War Emblem led every step of the Kentucky Derby, setting a comfortable pace and then surging like a fresh horse down the stretch to a four-length victory. That prompted this declaration yesterday from John Ward Jr.: The Preakness will not be a replay.
Ward trains Booklet, a speedy little horse capable of keeping pace with War Emblem - in other words, pressuring him early and perhaps compromising his chances late. Ward articulated what will likely be the story line leading to the 127th Preakness Stakes on May 18 at Pimlico.
"I think everybody's going to be after War Emblem," Ward said. "It's going to be like the Indy 500 leaving the gate. There'll be a jam-up at the first turn."
Booklet has shot to the lead in his past six races, including a win in the Fountain of Youth Stakes and a second in the Blue Grass. He is one of several horses who skipped the Kentucky Derby but will challenge War Emblem in the Preakness.
Three of those horses have arrived at the stakes barn at Pimlico. Yesterday, USS Tinosa arrived from Churchill Downs. His trainer, Jerry Hollendorfer, had wanted to run him in the Derby but couldn't break into the field because of a lack of graded-stakes earnings.
USS Tinosa, who finished fifth in the Santa Anita Derby, joined the two Preakness horses already in Baltimore: Crimson Hero and Straight Gin. Trainer Nick Zito sent his pair early, as he always does. They arrived Tuesday.
Today, Equality, trained by H. Graham Motion, is to arrive from Delaware Park, and tomorrow, the lightly raced Menacing Dennis, trained by Jeff Bonde, is to arrive from California. After that, no more Preakness horses are due until Wednesday, when two planes from Kentucky will transport the Derby horses to the second leg of racing's Triple Crown.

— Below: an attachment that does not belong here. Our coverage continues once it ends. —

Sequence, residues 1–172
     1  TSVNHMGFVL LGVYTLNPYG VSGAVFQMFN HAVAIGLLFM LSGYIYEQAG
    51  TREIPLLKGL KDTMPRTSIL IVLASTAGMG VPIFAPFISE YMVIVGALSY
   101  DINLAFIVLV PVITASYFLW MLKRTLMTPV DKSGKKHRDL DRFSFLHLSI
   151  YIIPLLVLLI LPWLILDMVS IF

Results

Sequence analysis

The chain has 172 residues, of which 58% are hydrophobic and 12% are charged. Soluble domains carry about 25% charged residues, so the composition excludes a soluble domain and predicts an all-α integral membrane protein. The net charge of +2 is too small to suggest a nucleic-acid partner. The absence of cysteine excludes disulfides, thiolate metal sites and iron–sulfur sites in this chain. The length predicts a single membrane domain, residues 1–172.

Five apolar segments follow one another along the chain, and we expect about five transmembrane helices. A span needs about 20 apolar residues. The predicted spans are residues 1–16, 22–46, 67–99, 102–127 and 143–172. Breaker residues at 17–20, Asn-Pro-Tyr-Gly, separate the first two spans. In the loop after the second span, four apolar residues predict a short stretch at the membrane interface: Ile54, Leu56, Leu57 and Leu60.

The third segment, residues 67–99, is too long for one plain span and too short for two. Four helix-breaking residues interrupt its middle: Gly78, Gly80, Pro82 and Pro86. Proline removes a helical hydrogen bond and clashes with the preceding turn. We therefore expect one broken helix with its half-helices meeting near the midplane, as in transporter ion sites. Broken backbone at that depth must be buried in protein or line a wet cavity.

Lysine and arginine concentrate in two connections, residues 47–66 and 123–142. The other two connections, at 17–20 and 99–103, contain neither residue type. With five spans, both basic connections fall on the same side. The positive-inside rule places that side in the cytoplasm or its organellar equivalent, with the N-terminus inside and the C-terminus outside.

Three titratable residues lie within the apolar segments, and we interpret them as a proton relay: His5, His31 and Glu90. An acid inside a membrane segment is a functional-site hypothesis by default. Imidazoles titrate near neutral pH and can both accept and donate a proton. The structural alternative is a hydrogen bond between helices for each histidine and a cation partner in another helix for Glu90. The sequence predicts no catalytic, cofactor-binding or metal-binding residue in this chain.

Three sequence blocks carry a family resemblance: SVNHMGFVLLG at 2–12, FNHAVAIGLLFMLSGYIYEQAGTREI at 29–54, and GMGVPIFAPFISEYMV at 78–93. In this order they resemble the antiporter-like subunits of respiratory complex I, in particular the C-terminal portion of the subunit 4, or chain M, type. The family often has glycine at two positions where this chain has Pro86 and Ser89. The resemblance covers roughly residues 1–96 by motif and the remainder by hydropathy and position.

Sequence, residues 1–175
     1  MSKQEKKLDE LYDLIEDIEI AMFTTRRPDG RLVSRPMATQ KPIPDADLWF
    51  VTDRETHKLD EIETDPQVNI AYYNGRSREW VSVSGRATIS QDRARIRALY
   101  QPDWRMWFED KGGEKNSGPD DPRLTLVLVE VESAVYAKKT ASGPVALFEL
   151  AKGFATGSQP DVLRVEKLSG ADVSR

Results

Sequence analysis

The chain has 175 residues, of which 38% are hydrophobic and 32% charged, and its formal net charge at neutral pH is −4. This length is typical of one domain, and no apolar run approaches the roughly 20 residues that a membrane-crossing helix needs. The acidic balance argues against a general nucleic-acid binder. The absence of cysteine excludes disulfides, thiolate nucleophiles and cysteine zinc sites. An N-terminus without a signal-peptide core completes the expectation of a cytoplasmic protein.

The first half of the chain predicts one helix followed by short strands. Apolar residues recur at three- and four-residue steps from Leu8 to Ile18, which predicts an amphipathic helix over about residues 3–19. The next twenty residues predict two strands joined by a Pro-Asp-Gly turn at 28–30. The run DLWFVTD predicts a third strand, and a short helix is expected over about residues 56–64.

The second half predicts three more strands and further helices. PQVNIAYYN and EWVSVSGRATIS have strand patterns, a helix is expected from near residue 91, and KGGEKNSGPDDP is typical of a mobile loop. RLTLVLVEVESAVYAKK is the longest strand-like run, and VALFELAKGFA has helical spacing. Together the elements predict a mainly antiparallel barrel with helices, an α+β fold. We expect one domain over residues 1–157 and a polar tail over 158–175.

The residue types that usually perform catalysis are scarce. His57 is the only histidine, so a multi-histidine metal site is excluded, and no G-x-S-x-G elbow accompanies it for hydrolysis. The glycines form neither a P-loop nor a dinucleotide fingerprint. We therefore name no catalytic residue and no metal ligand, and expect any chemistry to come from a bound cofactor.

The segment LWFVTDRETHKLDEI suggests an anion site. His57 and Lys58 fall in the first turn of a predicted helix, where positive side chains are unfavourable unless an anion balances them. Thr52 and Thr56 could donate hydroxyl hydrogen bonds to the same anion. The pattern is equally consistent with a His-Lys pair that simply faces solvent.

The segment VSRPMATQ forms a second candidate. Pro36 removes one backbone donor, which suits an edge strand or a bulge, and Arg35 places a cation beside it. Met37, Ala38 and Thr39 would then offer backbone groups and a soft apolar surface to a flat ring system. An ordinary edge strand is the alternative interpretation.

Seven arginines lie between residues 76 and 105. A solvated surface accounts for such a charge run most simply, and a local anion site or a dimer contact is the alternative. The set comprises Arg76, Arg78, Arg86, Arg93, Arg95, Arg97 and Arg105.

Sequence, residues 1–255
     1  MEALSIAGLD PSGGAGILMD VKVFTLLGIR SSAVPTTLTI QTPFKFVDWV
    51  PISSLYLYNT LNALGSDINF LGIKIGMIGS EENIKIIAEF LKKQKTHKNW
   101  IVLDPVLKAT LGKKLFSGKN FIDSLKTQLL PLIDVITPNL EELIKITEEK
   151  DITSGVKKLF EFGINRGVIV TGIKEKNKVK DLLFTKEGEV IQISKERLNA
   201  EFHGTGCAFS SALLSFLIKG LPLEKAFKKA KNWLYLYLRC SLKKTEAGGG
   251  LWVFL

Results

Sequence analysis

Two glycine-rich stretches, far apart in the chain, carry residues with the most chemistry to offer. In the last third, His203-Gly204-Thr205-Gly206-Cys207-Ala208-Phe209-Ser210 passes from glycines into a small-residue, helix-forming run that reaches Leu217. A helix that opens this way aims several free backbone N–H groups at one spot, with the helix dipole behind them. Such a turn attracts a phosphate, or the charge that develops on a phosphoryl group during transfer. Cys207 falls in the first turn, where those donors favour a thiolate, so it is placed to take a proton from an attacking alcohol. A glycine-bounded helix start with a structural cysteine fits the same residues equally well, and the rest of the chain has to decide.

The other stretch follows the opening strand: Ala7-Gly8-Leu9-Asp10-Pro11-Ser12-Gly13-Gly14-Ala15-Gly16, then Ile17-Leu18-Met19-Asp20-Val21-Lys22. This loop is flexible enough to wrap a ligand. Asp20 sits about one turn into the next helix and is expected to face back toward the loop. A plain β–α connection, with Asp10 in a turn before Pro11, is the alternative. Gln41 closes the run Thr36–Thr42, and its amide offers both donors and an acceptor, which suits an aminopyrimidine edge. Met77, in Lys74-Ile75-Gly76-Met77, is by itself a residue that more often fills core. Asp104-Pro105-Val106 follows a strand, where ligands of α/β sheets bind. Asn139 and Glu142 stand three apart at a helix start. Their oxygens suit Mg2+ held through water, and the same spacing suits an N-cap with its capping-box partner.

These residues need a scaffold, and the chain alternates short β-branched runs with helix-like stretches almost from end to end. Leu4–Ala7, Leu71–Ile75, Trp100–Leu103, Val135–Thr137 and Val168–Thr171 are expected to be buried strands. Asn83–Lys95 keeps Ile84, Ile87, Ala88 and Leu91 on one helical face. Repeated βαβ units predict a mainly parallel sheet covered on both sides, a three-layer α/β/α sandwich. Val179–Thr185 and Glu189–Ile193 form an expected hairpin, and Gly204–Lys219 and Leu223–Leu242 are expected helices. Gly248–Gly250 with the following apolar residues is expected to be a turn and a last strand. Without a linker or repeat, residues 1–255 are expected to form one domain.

The focus will be on War Emblem, surprise winner of the Derby at odds of 20-1. Bob Baffert, who trains the Our Emblem colt, said he rebounded so quickly from the Derby that he sent him back to the track a day early. War Emblem jogged Wednesday and galloped yesterday at Churchill Downs.
"So far, so good," Baffert said. "We're charging the battery back up getting him ready for next week."
Baffert didn't tout his horse before the Derby, he said, because he hadn't seen enough of him to know how good he was. Baffert didn't start training War Emblem until three weeks before the race. One of his leading clients, Saudi Arabian Prince Ahmed bin Salman, bought War Emblem after his 6 1/4 -length victory April 6 in the Illinois Derby.
Now, Baffert says War Emblem might be as good as any horse he has trained, including Silver Charm, Real Quiet and Point Given, all of whom won two legs of the Triple Crown.
"He's as good as any horse I've brought there," Baffert said, referring to the Kentucky Derby. "That was a pretty devastating win the other day."
Expected to try to derail War Emblem's run toward the Triple Crown are two, possibly three, horses from the Derby. Proud Citizen, who finished second, and Medaglia d'Oro, who finished fourth, are headed to the Preakness. Trainer Ken McPeek said that his Harlan's Holiday, the Derby favorite who finished seventh, might make the trip.
In addition to Booklet, Crimson Hero, Equality, Menacing Dennis, Straight Gin and USS Tinosa, others expected for the Preakness, limited to 14 horses, are Easyfromthegitgo (second in the Louisiana Derby), the Laurel-based Magic Weisner (second in the Federico Tesio Stakes), Sunday Break (third in the Wood Memorial Stakes) and perhaps Shah Jehan or Table Limit (both trained by D. Wayne Lukas).
What: 127th Preakness Stakes, second leg of thoroughbred horse racing's Triple Crown
Where: Pimlico Race Course
When: May 18
Post time: 6:04 p.m.
Distance: 1 3/16 miles
Purse: $1 million